What better way to welcome in the start of the week than a little reminisce about some of the best horror movie deaths. Recreating them with colleagues is discouraged, no matter how therapeutic the thoughts might be. We’re also pretty sure that this is the first list of its type not to feature that scene from Alien. John Hurt has been through it enough times now anyway. Hope you enjoy!
They don’t do axe-related deaths like they used to. From the glass-breaking jump scare to the brutal “chop”, this hack-up is a classic. And that’s before we talk about the utterly textbook-Argento use of a white wall to accentuate the splatter from poor Jane’s stump. Epic and unforgettable.
The moneyshot of this scene is probably one of the most over-used gifs in my locker. The “head exploding” moment is certainly one of David Cronenberg’s standout efforts, and that’s really saying something when you consider what the bodyshock king has created.
I even love the story of how this scene was created. A latex head was filled with chopped liver and dog food, then shot from behind with a shotgun. I can only imagine how much fun that must have been to film on set.
That’s right, I went double-Dario. And I’m not even sorry. This scene might not just be my favourite horror death ever, but also my favourite all-time film scene. It has it all. From the suspense-driven chase, to the almost pink-hued blood that was so commonplace in Giallo’s of this era. And then, the stabbing of the heart. Wow. Why not spell out exactly what’s happening after all?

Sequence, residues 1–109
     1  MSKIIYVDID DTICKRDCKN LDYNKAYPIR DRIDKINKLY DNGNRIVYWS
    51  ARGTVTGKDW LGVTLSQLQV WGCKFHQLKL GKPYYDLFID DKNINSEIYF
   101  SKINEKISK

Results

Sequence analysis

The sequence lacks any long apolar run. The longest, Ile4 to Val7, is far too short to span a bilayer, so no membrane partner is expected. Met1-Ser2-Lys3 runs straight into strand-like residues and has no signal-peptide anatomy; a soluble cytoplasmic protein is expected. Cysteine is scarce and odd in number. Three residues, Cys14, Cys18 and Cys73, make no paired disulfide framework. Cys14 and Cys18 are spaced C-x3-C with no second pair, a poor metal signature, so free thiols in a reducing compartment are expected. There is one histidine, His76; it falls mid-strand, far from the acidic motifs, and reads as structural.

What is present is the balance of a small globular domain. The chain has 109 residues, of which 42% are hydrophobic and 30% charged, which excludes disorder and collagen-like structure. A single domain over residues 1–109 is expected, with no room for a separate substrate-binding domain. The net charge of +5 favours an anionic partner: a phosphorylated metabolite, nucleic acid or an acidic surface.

And still we haven’t finished. Poor Pat’s demise is finally sealed by crashing through an ornate roof to be left hanging by a noose, eyes wide open. And to top it all off, what’s the crux? Pat’s friend Suzy. Who, so desperate to try and save her friend ends up with half a conservatory through her skull. Just brilliant.
And from the sublime, we go to the ridiculous with a nod to the medieval medical marvel that is the leech. If murderous dolls weren’t creepy enough, why not fill them with the blood-sucking worms, and vomit them out during light bondage? Bravo Mr Schmoeller.
Lets end with a silly one. Marcus Dunstan’s 2012 offering is often unfairly overlooked as a result of being coined a “Saw clone”, but this film certainly has its moments. Dancing teens being mowed down with an oversized lawnmower being the standout. Hilarious.
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